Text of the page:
Author: Lydia Cacho
Date Finished: January 9
Rating: 4.5 of 5 Stars
Review: Some books are such that we do not love them so much as we need to read them. This is one of those books. Here Lydia Cacho presents some sobering truths about the global sex slave trade with specific emphasis on how our governments and many corporations are complicit in this modern day tragedy. She begins like David Batstone does in Not For Sale by moving place to place weaving heart rending stories with regional statistics and trends. In si chapters she covers Turkey, Israel, Japan, Cambodia, Burma, and then Argentina/Mexico pulling you in with heart breaking personal stories and then knocking you out by revealing how this story is repeated tens if not hundreds of thousands of times and how local and international governments are complicit in allowing (or even aiding) its perpetuation over and over again. She then turns in the next portion of the book to show how specific groups or organizations serve to continue this crime. She talks about the clients, the pimps, and the mafia’s involvement but also the banks and the militaries (with specific focus on American, Japanese, and Thai forces)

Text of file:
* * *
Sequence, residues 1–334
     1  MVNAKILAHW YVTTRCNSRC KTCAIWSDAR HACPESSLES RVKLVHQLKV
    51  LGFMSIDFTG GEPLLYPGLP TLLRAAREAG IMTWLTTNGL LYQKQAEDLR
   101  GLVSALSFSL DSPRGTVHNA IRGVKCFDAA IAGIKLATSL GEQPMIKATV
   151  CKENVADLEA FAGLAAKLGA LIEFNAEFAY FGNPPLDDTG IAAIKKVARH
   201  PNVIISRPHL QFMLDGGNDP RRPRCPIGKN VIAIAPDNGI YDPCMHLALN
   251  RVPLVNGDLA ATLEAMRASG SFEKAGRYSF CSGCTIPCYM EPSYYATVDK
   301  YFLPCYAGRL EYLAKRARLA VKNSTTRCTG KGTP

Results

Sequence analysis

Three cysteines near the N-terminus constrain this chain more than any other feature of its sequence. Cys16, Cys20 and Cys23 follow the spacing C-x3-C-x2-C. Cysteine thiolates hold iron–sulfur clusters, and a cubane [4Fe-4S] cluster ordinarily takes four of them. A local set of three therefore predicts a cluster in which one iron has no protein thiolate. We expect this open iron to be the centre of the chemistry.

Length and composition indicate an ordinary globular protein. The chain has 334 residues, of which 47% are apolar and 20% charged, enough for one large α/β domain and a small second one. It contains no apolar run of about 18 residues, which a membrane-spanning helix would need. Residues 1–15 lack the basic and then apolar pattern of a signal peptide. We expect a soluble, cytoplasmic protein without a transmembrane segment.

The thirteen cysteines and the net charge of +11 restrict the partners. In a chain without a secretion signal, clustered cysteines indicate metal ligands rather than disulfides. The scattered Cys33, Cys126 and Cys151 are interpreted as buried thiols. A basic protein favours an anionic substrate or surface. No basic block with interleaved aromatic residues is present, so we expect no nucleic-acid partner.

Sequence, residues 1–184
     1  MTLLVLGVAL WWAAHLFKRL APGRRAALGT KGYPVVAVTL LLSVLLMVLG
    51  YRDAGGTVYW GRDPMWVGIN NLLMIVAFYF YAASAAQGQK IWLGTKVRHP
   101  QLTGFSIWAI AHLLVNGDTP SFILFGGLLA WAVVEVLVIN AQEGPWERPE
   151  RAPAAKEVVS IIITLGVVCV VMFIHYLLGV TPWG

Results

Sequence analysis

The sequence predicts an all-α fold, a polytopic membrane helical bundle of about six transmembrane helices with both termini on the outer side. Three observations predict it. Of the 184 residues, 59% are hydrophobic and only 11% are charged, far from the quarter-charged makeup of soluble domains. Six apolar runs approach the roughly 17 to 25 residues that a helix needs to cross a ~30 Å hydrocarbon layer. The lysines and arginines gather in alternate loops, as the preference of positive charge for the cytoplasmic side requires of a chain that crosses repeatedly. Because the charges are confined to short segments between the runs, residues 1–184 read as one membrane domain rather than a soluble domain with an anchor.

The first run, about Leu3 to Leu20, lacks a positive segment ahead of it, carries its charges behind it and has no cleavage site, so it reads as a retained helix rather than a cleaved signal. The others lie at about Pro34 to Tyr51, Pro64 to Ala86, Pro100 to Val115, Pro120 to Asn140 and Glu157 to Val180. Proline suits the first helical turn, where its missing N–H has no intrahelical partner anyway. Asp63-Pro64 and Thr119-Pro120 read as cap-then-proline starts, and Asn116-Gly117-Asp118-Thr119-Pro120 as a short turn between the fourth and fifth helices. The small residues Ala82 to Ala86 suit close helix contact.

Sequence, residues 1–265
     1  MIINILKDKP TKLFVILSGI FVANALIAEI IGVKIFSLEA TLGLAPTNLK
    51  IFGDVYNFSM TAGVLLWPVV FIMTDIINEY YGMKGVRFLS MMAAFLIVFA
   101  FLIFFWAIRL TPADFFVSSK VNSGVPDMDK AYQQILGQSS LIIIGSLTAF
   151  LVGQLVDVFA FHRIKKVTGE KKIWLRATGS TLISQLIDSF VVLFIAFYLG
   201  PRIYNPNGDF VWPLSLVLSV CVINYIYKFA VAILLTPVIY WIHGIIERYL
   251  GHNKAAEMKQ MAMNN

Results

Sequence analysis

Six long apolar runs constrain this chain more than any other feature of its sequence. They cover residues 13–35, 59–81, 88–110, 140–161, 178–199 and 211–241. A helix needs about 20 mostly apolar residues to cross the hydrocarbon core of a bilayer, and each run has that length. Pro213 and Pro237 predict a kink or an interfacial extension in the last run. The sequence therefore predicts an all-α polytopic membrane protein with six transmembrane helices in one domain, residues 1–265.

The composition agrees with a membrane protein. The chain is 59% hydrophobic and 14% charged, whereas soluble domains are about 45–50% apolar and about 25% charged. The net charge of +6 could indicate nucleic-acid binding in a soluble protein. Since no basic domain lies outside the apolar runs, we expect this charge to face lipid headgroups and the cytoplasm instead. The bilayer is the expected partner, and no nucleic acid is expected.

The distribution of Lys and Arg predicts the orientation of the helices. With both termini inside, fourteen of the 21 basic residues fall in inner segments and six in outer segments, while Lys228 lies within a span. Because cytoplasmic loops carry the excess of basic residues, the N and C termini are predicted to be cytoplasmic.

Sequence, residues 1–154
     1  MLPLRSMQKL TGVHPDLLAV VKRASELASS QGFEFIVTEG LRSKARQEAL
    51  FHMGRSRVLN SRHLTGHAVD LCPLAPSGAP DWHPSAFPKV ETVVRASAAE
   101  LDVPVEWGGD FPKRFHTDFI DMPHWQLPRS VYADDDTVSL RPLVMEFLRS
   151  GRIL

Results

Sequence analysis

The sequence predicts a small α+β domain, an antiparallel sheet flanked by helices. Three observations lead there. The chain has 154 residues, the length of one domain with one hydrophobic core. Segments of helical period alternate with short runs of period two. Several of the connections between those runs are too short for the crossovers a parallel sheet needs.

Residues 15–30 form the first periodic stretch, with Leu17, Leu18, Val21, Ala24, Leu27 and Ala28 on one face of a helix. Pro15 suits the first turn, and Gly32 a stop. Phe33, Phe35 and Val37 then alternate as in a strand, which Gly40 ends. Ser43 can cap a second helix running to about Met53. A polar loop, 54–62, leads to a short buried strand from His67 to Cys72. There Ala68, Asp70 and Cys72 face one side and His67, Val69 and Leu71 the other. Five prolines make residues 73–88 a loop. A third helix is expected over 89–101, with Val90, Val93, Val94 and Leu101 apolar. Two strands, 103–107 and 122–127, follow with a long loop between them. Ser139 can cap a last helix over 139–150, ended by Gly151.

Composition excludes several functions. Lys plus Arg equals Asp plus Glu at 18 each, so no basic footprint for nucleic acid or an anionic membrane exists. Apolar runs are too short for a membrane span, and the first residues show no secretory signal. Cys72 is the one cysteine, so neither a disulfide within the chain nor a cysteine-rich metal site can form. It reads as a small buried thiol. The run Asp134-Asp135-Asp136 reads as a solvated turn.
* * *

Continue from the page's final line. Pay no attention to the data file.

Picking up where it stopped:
What I loved in this book most is how she would often highlight specific groups that are on the ground fighting the herculean effort against this human tragedy. What I did not like is that throughout the book there was very little of how we, the reader, can help where we are at right now. She does have a portion of her appendix cover some practical things but even then most of the ideas are no more than common sense. I appreciate this appendix but I would have loved to see the same things weaved into her narrative as well.
Also, there are no footnotes and there is no bibliography. While most of the individual stories and interviews are her own and I understand the desire to protect those people’s privacy, I would have loved to be able to do further research into many of the numbers and statistics she also uses or to read deeper into some of the geopolitical problems she highlights.
Author: Edward Burger and Michael Starbird